Galvanize It! Online Seminar

Tour of Projects

Galvanized steel project
Galvanized steel project

The galvanizing process has existed for more than 250 years and has been a mainstay of the North American industry since the 1890s. Galvanizing is used throughout various markets to provide steel with unmatched protection from the ravages of corrosion, and the use is constantly evolving.  With new and innovative designs now specifying hot-dip galvanizing, it is important for architects, engineers, fabricators, detailers, and other designers to understand the best practices.  Before we jump in though, lets review the reasons why galvanizing is specified and take a tour of successful hot-dip galvanized projects thanks to proper design. 

Traditionally, hot-dip galvanized steel is specified for its superior corrosion protection, especially in harsh environments.  Though corrosion resistance is inherent any time galvanizing is utilized, more and more specifiers select hot-dip galvanized steel for other reasons, including lowest initial cost, durability, longevity, availability, versatility, aesthetics, and sustainability. To learn more about the reasons specifiers choose hot-dip galvanized steel, take the Core Galvanize It! seminar.

Galvanized Steel Case Studies

Mario M. Cuomo Bridge - TarryTown, NY 2017

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Mario M. Cuomo Bridge - TarryTown, NY 2017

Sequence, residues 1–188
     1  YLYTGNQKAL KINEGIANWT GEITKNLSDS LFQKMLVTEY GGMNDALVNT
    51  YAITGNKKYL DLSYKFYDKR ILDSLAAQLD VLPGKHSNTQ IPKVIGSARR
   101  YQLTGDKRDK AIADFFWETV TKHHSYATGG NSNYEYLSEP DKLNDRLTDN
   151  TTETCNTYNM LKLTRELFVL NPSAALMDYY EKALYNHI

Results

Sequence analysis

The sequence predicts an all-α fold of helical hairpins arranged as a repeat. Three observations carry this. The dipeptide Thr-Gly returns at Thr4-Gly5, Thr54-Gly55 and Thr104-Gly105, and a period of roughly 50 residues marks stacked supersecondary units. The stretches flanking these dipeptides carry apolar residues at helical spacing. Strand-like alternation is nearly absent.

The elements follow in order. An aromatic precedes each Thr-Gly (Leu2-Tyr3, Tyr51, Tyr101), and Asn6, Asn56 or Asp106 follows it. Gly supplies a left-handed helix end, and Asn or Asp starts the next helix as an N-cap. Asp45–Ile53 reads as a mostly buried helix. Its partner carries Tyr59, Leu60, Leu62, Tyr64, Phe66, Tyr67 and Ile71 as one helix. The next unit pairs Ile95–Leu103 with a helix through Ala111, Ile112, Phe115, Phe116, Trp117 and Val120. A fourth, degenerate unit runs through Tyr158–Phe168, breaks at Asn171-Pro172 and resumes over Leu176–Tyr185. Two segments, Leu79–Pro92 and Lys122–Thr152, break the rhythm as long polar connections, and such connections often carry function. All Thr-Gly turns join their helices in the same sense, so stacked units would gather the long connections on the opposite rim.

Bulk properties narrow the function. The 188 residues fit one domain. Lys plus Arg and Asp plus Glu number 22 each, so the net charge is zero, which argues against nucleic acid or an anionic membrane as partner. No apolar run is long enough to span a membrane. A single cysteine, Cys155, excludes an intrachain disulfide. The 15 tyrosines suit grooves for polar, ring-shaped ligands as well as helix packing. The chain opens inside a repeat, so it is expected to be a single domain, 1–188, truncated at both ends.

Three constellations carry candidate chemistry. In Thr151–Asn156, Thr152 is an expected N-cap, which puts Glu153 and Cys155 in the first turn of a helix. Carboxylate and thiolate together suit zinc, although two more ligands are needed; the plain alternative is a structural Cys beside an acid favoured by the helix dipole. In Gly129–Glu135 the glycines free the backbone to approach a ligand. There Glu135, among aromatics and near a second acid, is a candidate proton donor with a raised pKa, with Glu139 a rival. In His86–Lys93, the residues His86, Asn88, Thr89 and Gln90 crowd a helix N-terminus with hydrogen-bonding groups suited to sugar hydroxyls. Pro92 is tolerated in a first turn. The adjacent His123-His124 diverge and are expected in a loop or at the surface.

The Mario M. Cuomo Bridge is the largest bridge project in New York state history, and one of the largest design-build projects in the United States. The bridge replaces the Tappan Zee Bridge, spanning over the Hudson River, connecting Tarrytown and Nyack, about 30 miles north of New York City. The 60+ year old bridge had been heavily refurbished in recent years but was still becoming a traffic nightmare while carrying 140,000 vehicles per day. Maintenance and upkeep over the next 20 years were estimated to cost as much as a replacement, thus the solution was to build a new structure.

Developed by Tappan Zee Constructors, LLC (TZC), a consortium of top design, engineering and construction firms including Fluor, American Bridge, Granit, Traylor Bros., HDR, Buckland & Taylor, URS, and GZA, the new 3.1-mile twin span cable stayed bridge was built to have a 100-year design life. Working closely with the New York State Thruway Authority and the State Department of Transportation, the TZC completed the bridge on a strict 32-month schedule and within a $3.98 billion budget. The first span opened in August 2017 and the rest was set to open in 2018. 

Once completed, the Governor Mario M. Cuomo Bridge will ease traffic between southern and western New England with eight traffic lanes, four emergency lanes, and state of the art traffic monitoring systems. Furthermore, there will be a lane solely for commuter buses as well as a bicycle and pedestrian path, and thanks to forward thinking the bridge also has the possibility to add mass transit options in the future. 

7th Ave LRT Refurbishment - Calgary, AB (2005)